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Outdoor Adventures

Outdoor Adventures: Filling the void

A few weeks ago, Shaun White and Kelly Clark won the Burton U.S. Open.

But it wasn’t at Stratton.

It was at the iconic event’s new home in Vail, Colo.

So what’s going to fill the void for dyed-in-the wool New England riders looking to compete with the upper echelon?

One possibility could be this weekend’s Vermont Open at Stratton, organized by one of the Green Mountain State’s pioneering snowboarders, Steve Hayes. The 40-something snowboarding dad from Londonderry is behind the riding and music event featuring a $20,000 prize purse.

Stratton’s a prime spot for a such a contest. The top-notch Stratton Mountain School is right there, an institution that’s produced stellar riders like Louie Vito, Ross Powers, Ellery Hollingsworth, Danny Davis and Lindsey Jacobellis. Talk about a local pipeline.

And Hayes says Powers is competing.

But there’s more.

Southern and central Vermont are also places where many riders have roots before leaping over the huge halfpipe walls like Clark and Hannah Teter.

Hayes’s vision is to return the Open to its basics where a kid from South Londonderry, South Burlington and South Boston or anywhere can come out of the woodwork and land on the podium.

“That’s really an important concept,” he said a few days before the event.

Hayes is a local hero, one of the fledging U.S. Open riders in the early 1980s. He was on Burton Snowboard’s first sponsored team. His rode professionally until 1995 and stopped after a nasty injury. Hayes owned a snowboard company.

He and his aging buddies also started a banked slalom race called the Washed Up Cup. When Burton took the Open west, Stratton approached Hayes to grow the Cup. That idea sprung into the Vermont Open, with a rail jam, 100-foot long mini-halfpipe with 12-foot walls, quarterpipe, big air and banked-slalom race reminiscent of the Washed Up Cup.

“There’s something for everyone,” he said. “Music and snowboarding go hand in hand. Everyone’s got an iPod and is rocking out while they ride.”

Last weekend Loon Mountain in Lincoln rolled out a press release announcing that its Last Call snowboarding competition – which will be held tomorrow –is the biggest snowboard event in the East and will fill the void left by the departure of the U.S. Open.

The jam-style event started 13 years ago and has been at Loon for 10 years. It’s got a low-key atmosphere with amateur and pro riders. This one has about $5,000 in prize money and gear, is held in a day and features rails, big air and a mystery session for riders.

“It’s basically a day for everybody to get together and celebrate the end of the season,” said Boyne Resorts terrain park development manager Jay Scambio. “Some people just come to hang out, snowboard, and meet up with friends they haven’t seen in a while, and other people come to get after it and ride the amazing setups.”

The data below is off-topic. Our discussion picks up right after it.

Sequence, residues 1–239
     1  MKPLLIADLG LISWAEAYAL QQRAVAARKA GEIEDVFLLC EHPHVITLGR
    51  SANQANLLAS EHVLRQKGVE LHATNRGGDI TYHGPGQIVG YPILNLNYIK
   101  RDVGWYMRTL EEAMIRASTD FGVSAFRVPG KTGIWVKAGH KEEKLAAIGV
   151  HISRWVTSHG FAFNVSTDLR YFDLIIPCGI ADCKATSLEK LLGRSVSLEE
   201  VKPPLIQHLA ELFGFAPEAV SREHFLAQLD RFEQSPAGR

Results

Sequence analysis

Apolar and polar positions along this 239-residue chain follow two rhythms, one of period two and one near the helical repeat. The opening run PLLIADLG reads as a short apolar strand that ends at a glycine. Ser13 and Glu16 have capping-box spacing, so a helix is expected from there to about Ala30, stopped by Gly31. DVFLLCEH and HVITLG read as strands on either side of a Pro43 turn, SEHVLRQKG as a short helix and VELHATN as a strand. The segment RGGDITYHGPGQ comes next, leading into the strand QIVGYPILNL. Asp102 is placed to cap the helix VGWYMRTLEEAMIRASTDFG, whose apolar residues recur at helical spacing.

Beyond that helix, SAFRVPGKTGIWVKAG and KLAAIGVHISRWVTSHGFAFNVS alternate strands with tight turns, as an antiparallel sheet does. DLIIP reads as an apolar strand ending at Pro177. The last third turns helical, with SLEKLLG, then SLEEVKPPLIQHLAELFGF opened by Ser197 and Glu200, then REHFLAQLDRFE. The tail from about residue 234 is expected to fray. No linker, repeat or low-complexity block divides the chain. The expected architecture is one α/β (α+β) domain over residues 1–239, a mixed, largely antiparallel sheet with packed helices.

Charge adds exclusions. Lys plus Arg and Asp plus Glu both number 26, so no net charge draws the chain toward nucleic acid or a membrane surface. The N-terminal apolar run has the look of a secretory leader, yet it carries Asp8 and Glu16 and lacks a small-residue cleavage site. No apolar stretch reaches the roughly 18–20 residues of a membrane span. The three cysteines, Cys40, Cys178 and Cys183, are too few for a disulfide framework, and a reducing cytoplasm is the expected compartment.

He says the U.S. Open or the X Games are very formatted, structured and have a lot of money behind them. Last Call has a grassroots vibe.

Last Saturday, 68 snowboarders turned out for Mount Snow’s debut Carinthia Open Mega Plaza (COMP) Snowboard Throwdown, with nearly five grand in prize money. Pro and amateur riders pulled tricks before a panel of judges with X Game and Olympic pedigrees.

Event manager Tim Dolan called the southern Vermont competition “world-class.”

Grassroots – growing from the bottom up – is synonymous with snowboarding. Those old-school warriors with their basic boards running slalom and giant slalom courses started it all. They threw in curved banks to make it interesting. Early halfpipes were dug by enthusiastic riders with shovels. They placed common items like barrels, picnic tables and even old vehicles to jib.

Over time the sport grew with multiple disciplines on display today by dedicated and celebrated athletes. Snowboarding’s influence crossed over to skis, with skiers competing in slopestyle, on rails and in halfpipes. And there’s a mark on gear, too.

There’s certainly room for many end-of-season snowboard events from the grassroots level to pros across northern New England. Resorts should continue to grow those competitions.

But here should also be a coveted gathering place for snowboarders to aspire, wanting to test themselves in the land of craft beer, cool cows and sweet maple syrup in the state where it all began.

(Marty Basch can be reached through onetankaway.com.)

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